The adaptor 11 is configured to electrically couple the WLAN module 40 to the wireless radio communication device 26. As the module operates in accordance with known WLAN protocols, it is operable to communicate with other WLAN-enabled devices (e.g. 32 of FIG. 3). In particular, the WLAN module 40 of the adapter 11 is able to communicate with a similarly WLAN-enabled transceiver module 32 embedded in a head unit 22 of the vehicle 15. For example, the head unit 22 is a stereophonic reproduction device able to reproduce stereophonic music that is broadcast to the vehicle radio or obtained from recording media. In the present invention, the head unit is also used to transceiver voice, music, or data as explained herein.
The adapter 11 is also configured to power 44 the WLAN module 40 of the adapter 11 from the power available 48 from the cigarette lighter socket of the vehicle. This configuration can include a voltage conversion device 44, such as a voltage regulator, DC-DC converter, or the like, to provide the proper operating voltage for the module 40 from the vehicle battery 49 voltage (e.g. twelve volts). The adapter 11 is also configured to power 42 and charge the radio communication device 26. This can include a separate voltage conversion device 42 to provide the proper operating voltage for the phone and its battery, or the same voltage conversion device 44 as that for the WLAN module 40, if the operating voltages of the wireless communication device 26 and its battery are similar to that of the WLAN module 40. Of course, if the communication device 26 or the WLAN module 40 have the same operating voltage as the vehicle 15 then no voltage conversion device is needed.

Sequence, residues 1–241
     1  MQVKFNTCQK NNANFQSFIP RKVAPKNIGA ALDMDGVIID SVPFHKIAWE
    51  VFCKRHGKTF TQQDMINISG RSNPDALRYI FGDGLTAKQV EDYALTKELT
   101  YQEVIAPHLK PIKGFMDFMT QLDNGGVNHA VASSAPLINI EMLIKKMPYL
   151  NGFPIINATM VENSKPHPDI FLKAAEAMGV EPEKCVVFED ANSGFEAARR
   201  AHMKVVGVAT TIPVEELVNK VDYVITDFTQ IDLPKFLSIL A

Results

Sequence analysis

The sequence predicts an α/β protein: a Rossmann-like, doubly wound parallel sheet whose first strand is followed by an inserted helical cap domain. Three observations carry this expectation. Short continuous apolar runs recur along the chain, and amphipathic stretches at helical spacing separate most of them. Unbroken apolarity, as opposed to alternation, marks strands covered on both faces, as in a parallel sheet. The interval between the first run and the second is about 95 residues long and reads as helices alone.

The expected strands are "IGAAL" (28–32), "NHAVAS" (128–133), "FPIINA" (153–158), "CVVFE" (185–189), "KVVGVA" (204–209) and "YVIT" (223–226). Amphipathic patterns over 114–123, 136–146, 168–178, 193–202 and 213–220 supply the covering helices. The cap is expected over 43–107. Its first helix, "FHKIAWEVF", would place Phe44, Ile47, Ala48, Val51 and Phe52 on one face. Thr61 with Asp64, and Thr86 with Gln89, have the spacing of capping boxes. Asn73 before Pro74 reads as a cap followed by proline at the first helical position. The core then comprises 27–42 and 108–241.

In accordance to one embodiment of the present invention, the adapter 11 couples audio signals 48 from the wireless communication device to the WLAN module. Typically, audio I/O signals 48, 56 (and data signals 58) are available along with access to the phone power circuits through the common jack 14 on the phone 26. In this case, the charging current 57 and audio signal 48 run through the cord 46 and the plug 16 to the common socket 14. Optionally, if audio I/O ports are not available on the common jack 14, the present invention provides for the use of separate cables 50, 52, 54 that connect to one or more audio and data I/O jacks of the radiotelephone. For example, a first cable 50 could be provided to connect audio signals 48 to the module 40 from an audio (speaker) output 18 of the radiotelephone 26. These audio signals 48 can be monophonic or stereophonic with the appropriate cable plug 50 being supplied. These audio signals 48 can also be voice or music. In this scenario, the microphone of the radiotelephone serves as the audio input to a network service provider and the loudspeaker(s) 34 of the vehicle 15 serve as the audio output from the network service provider. Preferably, the radiotelephone 26 has a high gain mode for its microphone in this mode of hands-free operation.
Optionally, a second cable 52 could be provided to connect audio signals 56 from the module 40 to an audio (microphone) input 20 of the radiotelephone. Preferably, the module 40 provides full duplex operation of audio. In another option, the adapter 11 could include cabling 54 to provide data 58 to the module 40 through a data jack 24 (e.g. USB port). Such a transfer of data 58 could be operable in half-duplex or full-duplex mode.